The Big 3 Myths of Cultural Adaptation
Why your instincts are so often wrong -- and what you can do about it
Posted Aug 12, 2017
The workplace has never been more global than today. But ironically, I often find that the last thing on people's minds when doing cross-cultural work is this global element. Instead, people tend to focus more on the here and now - the immediate, pressing work details on their plate, rather than the nuances of cultural adaptation. And as a result, when it does come time to focus on culture, we follow our gut. We do what intuitively sounds right.
But what if our gut is actually often quite mistaken when it comes to cultural adaptation? That's what I've found from studying this issue for over 15 years and from living and working abroad myself. In fact, there are three very common myths we fall prey to that can undermine even well-intentioned efforts at global flexibility.
Myth 1: Learning about cultural differences is the key to success.
Learning about culture and cultural differences is important - there's no doubt. It's important to note that in Germany, you tend to give feedback that's direct and to the point, and that they don't particularly appreciate the softer American-style "sandwich approach." Or that subordinates speak to authority figures with much more deference and politeness in Japan, China and Korea than they do in Israel, Canada, or the US. But cultural awareness alone isn't going to get you very far. It's not going to build that relationship, seal the deal with a customer, or lead that meeting. What's really critical when crossing cultures is the ability to adapt and adjust your behavior in light of the differences that exist. It's behavioral flexibility that matters, not just cognitive awareness.
Myth 2: The way to succeed across cultures is to avoid faux pas.
Makes sense, right? When you're at the pub with friends in London, you want to know that it's key to buy rounds for others and not just pay for your own drinks yourself. When you're accepting a business card in Japan, you don't want to quickly stick it in your pocket - or, heaven forbid, write anything on it. But at the same time, if you focus exclusively on differences, you miss the big opportunity of crossing cultures -- which is finding commonalities. In the end, the way to truly build relationships and trust across cultures is to find similarities... what you have in common -- that you and your colleague both have young children, or that you both enjoy Mexican food, for example, rather than how you are different. So, be aware of the faux pas, but don't become overly obsessed with them.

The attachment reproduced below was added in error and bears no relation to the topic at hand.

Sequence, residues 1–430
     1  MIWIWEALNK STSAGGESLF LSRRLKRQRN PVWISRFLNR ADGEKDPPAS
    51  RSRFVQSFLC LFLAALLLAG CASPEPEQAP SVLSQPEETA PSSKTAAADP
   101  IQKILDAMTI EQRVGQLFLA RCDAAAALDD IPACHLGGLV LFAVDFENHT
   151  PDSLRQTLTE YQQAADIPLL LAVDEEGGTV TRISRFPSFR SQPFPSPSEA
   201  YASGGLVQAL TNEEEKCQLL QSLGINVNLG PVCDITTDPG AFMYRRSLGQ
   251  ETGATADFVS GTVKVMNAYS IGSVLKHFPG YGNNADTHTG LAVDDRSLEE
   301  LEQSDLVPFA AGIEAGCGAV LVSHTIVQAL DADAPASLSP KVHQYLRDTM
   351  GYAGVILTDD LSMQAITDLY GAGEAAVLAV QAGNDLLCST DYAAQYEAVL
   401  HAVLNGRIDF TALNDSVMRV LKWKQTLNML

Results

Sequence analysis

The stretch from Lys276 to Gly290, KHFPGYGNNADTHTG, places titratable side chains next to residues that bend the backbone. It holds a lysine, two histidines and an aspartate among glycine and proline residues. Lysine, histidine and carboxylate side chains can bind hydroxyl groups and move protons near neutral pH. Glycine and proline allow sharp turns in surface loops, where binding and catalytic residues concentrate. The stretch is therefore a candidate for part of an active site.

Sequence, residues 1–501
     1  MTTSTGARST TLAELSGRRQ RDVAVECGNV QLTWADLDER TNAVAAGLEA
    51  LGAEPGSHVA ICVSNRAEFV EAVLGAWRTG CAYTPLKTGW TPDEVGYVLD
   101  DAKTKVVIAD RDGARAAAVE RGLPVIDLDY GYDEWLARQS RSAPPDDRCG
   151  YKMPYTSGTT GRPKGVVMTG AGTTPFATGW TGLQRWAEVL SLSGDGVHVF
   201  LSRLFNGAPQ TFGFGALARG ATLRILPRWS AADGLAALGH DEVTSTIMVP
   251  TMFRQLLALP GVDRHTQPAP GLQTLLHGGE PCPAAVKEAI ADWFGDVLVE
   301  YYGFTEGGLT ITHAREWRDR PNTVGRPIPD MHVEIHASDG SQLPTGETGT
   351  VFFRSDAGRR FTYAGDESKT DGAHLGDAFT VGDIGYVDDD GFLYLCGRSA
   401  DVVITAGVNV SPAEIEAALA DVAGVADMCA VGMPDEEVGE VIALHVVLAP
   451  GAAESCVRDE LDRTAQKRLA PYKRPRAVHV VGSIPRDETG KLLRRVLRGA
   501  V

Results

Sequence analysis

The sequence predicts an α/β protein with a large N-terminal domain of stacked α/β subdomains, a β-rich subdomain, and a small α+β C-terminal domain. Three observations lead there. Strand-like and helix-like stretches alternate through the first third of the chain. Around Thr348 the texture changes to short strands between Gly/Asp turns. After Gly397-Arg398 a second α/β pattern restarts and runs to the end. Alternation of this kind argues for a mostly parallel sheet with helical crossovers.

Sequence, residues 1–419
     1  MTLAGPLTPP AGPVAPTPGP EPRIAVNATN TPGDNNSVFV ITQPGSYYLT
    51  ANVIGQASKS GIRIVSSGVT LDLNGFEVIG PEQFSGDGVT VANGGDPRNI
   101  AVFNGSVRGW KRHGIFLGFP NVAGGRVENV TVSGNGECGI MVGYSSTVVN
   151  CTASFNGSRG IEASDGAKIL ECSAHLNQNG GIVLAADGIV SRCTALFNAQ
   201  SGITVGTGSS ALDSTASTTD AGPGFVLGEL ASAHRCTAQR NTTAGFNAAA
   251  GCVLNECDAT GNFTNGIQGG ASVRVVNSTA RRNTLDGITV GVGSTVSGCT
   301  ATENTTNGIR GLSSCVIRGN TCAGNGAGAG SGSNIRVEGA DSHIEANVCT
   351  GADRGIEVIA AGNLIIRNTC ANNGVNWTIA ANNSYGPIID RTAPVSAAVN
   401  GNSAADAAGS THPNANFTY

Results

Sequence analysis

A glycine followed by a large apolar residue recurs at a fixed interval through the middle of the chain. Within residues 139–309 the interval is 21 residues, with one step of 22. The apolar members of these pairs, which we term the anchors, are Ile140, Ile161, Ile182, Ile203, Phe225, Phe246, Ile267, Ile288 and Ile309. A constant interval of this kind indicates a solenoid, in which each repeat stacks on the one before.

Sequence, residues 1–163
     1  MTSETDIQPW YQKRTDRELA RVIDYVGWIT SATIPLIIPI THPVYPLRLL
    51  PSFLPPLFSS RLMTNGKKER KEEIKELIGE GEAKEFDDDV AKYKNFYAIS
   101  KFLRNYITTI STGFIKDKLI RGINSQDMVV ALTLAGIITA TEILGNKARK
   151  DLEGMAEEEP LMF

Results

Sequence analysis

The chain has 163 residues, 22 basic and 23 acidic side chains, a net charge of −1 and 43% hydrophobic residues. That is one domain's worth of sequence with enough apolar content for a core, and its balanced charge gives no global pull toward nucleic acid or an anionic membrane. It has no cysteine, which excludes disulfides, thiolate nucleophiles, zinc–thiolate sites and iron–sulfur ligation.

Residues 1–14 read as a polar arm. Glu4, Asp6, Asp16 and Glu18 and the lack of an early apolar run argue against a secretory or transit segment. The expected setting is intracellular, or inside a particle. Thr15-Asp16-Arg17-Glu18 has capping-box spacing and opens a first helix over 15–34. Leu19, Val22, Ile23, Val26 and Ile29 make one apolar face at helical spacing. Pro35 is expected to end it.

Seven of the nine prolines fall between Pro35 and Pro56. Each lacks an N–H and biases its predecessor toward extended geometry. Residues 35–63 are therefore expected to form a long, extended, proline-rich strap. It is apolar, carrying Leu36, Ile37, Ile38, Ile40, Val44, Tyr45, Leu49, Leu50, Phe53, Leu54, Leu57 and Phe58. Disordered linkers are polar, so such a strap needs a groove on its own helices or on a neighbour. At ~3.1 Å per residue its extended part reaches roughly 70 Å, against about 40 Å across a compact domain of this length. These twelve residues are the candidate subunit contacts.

Myth 3: When in Rome act like the Romans.
This is the big one. And it's probably the most common piece of advice I hear. The saying actually comes from ancient days - in the time of St. Augustine - when it was essential to conform local religious customs (such as fasting on particular days) when traveling to different parts of Europe. And now, of course, it has come to mean adopting local customs in a foreign land.
Now there's clearly nothing wrong about being appropriate in a foreign culture - we all want that. But what if the rules in a new culture threaten your own personal or cultural values and identity? For example, what if you are told to shake hands or kiss a man as part of a new culture's ritual, but in your culture it's forbidden for women to do so? Or as a less extreme case, what if you're Indian, learning to interview in the U.S., and feel intensely uncomfortable with the level of self-promotion required to make a positive impression?
In the end, you don't want to avoid completely acting like the Romans, but you also don't want to feel required to mimic their every move. Find a way to create a blend or a mix between your own personality and customs and what is expected in the new culture. In the end, adaptation is important, but so too is authenticity. And that's critical to remember when crossing cultures.
Cultural adaptation takes effort. But it's also not rocket science. Avoid these myths, and you'll be on well on your way to a successful global career.
Andy Molinsky is the author of Reach and Global Dexterity.